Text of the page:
The saga of the Holliday house; Laramie’s first mansion

It must have been an exciting day in the late 1970s when the 1878 Holliday house was moved from 319 Garfield St. to three isolated acres at 2252 Welsh Lane, nearly a mile outside city limits.

 The asymmetrical Victorian home was very large by Laramie standards, with at least six bedrooms, two living rooms and probably the largest dining room in a private residence at the time—just 10 years after Laramie’s founding.  It also sported a picturesque windowed tower and interior design by Tiffany & Co. of New York.  

 A hundred years later, it was still very large by 1978 standards. At that time it was vacant and the decision to move or tear it down was being made.  No doubt there were many power lines that had to be lifted, a railroad viaduct and traffic to contend with—traffic of a very different nature than that of 1878.

 W.H. Holliday

The house was built for Ohio-born William Helmus “W.H.” Holliday (1843-1925) and his wife Emily Coykendall (1848-1887). They married in 1869 after an engagement of seven years, according to notes accompanying the Holliday family papers at the UW American Heritage Center (AHC).  There were plenty of children in the Holliday family. After giving birth to a total of twelve, Emily died of heart failure in 1887, at age 38, three weeks after her youngest was born. 

 Therein probably lies the explanation of why Emily Holliday was not mentioned in the newspapers of the time other than for her obituary published on June 25, 1887.  She was either pregnant or in mourning for the death of a child—five predeceased her.  Seven of her children survived to adulthood: Katie (Butler), Guy, Albert, Lois (Fitch), Elizabeth (George), Ruth, and Margaret Holliday.

   Of Emily’s passing the Laramie Sentinel wrote: “…So dark a providence as the death of Mrs. Holliday the brain is benumbed and voice and pen are still.” Ten years later, at age 54, W.H. married schoolteacher Sarah East in Laramie, and they had two additional daughters—Mary Ethel and Helen East.   

 Started out in Sherman

Holliday was the second oldest of six children and had moved with his parents and siblings from Ohio to Illinois. It was there that he met Emily, a schoolmate, according to AHC records.

 Several vanity press publications like the 1903 volume: “Progressive Men of the State of Wyoming” and Bartlett’s 1918  “History of Wyoming” say that W.H. came to Wyoming in 1867 and that his parents came to visit him. His father, Eli Holliday, prospected in the Douglas Creek area, but then died in Sherman [near Ames Monument] in November of 1868.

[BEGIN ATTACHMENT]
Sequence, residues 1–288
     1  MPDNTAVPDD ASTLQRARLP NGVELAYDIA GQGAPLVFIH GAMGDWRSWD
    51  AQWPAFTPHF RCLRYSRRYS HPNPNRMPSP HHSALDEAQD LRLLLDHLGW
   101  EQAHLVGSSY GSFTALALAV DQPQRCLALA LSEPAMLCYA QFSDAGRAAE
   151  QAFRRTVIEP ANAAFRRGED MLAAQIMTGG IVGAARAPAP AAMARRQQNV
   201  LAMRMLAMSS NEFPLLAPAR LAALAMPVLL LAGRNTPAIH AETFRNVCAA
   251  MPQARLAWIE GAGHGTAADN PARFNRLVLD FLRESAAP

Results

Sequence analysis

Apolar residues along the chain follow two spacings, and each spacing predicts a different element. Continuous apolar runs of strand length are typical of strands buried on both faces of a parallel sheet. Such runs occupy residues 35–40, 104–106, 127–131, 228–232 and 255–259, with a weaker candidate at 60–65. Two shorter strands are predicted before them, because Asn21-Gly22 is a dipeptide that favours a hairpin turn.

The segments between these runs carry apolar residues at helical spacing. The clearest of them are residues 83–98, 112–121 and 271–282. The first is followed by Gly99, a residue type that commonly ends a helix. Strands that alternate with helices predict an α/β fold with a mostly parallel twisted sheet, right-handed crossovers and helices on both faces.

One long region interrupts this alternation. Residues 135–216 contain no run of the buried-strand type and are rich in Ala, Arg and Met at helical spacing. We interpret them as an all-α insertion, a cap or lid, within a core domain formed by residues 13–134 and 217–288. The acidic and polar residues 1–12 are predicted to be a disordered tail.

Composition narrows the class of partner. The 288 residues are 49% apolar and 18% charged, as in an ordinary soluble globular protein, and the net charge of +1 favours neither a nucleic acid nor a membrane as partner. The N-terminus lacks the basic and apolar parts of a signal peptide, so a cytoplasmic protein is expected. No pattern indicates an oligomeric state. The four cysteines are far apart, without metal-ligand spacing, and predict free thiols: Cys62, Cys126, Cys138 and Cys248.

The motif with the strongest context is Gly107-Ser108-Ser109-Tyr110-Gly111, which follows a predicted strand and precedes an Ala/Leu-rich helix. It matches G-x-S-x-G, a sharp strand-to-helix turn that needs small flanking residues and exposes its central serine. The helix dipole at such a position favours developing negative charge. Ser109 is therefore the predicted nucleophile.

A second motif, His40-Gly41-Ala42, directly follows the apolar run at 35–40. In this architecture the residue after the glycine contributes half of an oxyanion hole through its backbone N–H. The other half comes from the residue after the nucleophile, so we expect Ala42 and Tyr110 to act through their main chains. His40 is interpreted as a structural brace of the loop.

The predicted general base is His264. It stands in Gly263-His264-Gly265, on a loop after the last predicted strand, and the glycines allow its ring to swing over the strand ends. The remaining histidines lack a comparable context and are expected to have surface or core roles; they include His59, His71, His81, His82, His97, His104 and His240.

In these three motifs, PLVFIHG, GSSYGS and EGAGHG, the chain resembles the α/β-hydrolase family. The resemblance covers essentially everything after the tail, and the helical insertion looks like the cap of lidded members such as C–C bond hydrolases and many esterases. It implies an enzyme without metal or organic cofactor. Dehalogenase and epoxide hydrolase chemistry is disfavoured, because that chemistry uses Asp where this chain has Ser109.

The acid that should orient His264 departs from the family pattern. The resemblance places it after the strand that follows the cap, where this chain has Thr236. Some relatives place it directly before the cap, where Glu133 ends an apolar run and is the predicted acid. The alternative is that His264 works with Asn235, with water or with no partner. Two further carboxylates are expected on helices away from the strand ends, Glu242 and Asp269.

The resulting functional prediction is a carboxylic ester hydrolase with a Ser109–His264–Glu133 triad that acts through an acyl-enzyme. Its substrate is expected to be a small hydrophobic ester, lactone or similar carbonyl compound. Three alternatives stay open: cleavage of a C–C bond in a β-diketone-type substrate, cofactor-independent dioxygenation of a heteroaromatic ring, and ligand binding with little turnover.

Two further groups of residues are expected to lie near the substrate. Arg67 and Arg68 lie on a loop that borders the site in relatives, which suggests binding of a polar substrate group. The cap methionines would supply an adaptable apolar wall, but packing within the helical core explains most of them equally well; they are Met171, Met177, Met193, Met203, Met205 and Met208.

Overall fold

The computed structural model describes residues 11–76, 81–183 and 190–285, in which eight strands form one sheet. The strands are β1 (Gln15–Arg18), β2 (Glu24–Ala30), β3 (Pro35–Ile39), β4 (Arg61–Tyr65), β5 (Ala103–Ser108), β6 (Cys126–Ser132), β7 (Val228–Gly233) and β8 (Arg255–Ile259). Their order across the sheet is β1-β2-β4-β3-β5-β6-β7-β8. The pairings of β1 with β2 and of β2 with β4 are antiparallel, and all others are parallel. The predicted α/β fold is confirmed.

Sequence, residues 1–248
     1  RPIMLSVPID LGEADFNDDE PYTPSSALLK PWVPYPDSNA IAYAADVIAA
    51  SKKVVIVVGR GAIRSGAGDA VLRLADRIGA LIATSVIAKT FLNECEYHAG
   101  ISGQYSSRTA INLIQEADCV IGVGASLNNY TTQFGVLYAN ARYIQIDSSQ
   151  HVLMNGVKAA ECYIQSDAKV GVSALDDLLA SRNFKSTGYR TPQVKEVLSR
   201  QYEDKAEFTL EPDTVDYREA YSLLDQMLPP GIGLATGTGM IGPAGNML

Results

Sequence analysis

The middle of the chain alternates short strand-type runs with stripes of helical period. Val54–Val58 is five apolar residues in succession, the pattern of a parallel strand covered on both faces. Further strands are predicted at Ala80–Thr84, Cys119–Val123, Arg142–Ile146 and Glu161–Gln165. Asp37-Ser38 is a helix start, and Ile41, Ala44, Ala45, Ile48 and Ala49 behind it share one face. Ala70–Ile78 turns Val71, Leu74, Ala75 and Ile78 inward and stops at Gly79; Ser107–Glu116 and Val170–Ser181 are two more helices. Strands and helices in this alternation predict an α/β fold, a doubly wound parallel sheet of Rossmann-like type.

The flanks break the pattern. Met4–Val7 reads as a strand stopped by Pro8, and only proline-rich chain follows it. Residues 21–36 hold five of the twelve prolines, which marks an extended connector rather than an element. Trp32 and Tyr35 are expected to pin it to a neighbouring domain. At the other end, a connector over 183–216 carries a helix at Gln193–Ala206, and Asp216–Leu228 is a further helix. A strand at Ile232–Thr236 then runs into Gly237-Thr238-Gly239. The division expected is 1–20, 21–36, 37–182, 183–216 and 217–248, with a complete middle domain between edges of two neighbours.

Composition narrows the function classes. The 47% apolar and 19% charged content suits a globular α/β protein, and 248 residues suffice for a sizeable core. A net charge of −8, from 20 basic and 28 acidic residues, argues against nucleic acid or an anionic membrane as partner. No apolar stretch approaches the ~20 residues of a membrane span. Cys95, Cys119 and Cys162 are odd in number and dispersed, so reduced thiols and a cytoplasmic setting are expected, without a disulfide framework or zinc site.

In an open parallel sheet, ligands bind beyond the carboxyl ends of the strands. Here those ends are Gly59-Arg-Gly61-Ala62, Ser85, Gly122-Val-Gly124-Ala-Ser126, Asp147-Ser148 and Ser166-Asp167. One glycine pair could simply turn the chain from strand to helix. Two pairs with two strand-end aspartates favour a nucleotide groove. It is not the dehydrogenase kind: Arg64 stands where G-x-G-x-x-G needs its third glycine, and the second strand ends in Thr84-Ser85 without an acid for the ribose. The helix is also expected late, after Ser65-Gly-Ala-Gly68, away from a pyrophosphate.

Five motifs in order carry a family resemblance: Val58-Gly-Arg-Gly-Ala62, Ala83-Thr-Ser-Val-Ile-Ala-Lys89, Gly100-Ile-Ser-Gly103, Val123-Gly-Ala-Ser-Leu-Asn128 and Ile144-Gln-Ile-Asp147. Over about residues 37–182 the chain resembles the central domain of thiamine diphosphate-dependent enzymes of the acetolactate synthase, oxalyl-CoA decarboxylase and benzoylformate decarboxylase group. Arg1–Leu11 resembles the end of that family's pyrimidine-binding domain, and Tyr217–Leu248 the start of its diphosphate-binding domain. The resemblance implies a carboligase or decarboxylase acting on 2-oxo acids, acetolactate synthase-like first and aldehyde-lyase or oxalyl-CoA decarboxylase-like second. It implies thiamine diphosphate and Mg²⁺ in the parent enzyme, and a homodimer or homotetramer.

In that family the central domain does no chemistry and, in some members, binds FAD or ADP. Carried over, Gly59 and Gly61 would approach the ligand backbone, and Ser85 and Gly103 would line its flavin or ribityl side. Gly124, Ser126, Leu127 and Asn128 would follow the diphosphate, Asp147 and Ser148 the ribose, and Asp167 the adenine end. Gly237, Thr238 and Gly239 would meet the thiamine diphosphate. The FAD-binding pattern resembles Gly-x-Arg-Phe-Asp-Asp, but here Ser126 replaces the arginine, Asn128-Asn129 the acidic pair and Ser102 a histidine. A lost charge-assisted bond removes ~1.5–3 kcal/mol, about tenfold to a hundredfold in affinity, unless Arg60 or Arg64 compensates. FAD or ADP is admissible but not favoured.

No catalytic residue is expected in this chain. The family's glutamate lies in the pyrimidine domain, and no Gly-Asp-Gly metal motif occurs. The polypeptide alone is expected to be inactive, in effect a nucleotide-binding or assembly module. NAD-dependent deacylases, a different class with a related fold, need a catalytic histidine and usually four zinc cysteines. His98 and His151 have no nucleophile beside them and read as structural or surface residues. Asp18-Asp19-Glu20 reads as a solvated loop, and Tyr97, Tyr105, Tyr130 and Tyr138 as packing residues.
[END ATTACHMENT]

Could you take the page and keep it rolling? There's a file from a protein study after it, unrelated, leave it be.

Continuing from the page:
W.H. Holliday was an employee of a Denver company that opened a lumber mill west of Cheyenne near Sherman, then the end point of the westward-bound railroad. According to the AHC accounts, his younger brother Jethro Tabor Holliday (1844-1910) accompanied him.

 By 1870, Holliday was in the lumber business at Dale Creek, a few miles south of Sherman, in partnership with his brother Jethro and William R. Williams.  In 1872, Williams left the firm and W.H. established a lumber mill in Cheyenne. Jethro was manager through 1875 when ads for the Cheyenne Holliday lumber mill cease.  The brothers also built a lumber mill in Laramie,

 Arrives in Laramie

In 1873 W.H. Holliday moved to Laramie while Jethro stayed in Cheyenne. The W.H. Holliday lumber mill took up the entire block between 3rd and 4th St. where the Laramie Montessori School is now (between Kearney and Sheridan Sts.).

 Jethro came to Laramie in 1879, taking care of the contracting side of the brother’s business, which had also branched out to sell hardware and all types of building supplies. There was a lumberyard fire in 1880 but in 1881 they built at a new location on South 2nd St. eventually completing a four-story merchandising center that occupied most of the city block between Garfield and Custer Sts. W.H. was the president, and J.T. the vice-president of W.H. Holliday & Co.